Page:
Adolescent Risk Taking: Comparing across a Decade?
Frank Mott, Ohio State University
Lori Kowaleski-Jones, University of Utah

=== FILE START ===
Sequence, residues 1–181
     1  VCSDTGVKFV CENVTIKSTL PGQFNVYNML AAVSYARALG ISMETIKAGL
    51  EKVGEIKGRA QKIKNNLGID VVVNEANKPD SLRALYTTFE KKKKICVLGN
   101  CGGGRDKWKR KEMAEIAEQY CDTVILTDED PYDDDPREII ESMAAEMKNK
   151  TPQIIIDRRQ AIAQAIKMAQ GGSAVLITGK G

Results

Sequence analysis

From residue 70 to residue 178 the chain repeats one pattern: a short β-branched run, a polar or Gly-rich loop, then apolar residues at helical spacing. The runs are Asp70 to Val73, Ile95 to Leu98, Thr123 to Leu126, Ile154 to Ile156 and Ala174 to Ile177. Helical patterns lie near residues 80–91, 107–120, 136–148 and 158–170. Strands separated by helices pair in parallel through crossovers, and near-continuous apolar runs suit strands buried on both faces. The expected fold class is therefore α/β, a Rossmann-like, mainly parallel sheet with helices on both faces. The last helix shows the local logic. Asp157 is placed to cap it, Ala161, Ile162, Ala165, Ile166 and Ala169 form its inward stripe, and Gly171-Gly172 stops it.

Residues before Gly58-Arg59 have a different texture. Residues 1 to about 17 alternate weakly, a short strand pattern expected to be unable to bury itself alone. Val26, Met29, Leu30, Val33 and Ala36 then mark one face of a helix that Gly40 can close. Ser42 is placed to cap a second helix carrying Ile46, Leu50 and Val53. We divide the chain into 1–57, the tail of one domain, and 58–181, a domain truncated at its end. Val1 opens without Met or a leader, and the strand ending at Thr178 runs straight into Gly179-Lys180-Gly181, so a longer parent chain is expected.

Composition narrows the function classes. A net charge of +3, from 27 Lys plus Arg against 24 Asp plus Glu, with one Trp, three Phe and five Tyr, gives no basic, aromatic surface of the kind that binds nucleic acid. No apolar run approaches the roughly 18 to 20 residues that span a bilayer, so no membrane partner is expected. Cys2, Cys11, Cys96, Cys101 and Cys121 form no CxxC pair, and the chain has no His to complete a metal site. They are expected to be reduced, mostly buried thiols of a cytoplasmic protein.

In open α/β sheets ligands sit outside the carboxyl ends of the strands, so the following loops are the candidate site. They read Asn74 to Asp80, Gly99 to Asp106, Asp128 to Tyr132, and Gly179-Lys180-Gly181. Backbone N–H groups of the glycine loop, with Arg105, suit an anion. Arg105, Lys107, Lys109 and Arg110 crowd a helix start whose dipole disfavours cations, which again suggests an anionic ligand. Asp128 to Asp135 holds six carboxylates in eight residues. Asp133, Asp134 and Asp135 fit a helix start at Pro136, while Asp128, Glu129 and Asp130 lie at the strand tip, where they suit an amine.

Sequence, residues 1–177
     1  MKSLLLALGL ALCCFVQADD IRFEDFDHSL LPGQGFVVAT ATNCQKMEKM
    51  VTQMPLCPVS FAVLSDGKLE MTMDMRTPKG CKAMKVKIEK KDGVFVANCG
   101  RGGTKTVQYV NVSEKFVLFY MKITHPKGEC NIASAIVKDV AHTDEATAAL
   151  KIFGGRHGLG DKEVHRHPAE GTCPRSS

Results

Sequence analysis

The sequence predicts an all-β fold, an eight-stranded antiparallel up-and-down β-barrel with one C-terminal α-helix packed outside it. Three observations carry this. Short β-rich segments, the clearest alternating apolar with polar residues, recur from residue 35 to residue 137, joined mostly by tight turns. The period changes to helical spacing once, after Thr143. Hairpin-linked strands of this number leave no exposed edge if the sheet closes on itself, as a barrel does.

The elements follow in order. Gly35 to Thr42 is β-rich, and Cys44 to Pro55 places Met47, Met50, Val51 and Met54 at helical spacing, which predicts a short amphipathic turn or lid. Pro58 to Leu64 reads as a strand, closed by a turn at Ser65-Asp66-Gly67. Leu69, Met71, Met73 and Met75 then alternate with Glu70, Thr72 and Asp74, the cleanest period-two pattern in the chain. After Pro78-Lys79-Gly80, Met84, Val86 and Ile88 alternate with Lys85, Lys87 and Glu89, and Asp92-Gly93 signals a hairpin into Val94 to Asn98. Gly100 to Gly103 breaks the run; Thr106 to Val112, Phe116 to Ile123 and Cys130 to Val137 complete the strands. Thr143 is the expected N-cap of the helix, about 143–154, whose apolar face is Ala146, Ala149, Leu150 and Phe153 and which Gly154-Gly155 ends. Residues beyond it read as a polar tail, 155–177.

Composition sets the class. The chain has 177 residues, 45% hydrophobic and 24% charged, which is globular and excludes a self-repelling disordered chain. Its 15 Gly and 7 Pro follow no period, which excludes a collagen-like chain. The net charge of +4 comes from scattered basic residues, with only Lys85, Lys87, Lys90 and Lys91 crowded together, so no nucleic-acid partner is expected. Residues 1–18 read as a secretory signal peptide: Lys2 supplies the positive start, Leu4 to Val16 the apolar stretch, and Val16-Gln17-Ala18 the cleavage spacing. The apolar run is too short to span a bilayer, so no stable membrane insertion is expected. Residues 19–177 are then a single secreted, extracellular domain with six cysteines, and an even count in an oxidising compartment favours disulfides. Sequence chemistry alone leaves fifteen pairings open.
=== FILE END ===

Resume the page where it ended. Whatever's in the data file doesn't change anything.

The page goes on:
In this research, we utilize an adolescent life cycle perspective to explore the extent to which teenage sexual and reproductive behaviors have common attitudinal and behavioral origins. This paper is an extension of our prior work where we examined high risk teens in 1994. In particular, we contrast results for two distinctly different cohorts of adolescents, one born to adolescent mothers, and one born to mothers who were at more mainstream childbearing ages. Using data from the National Longitudinal Survey of Youth 1979 (NLSY79), we employ partial correlational and logit techniques to compare the sexual behavior of teens surveyed in 1994 to teens surveyed in 2004. Results provide important comparative insights on changing sexual and reproductive behavior among an important national sample of American teenagers.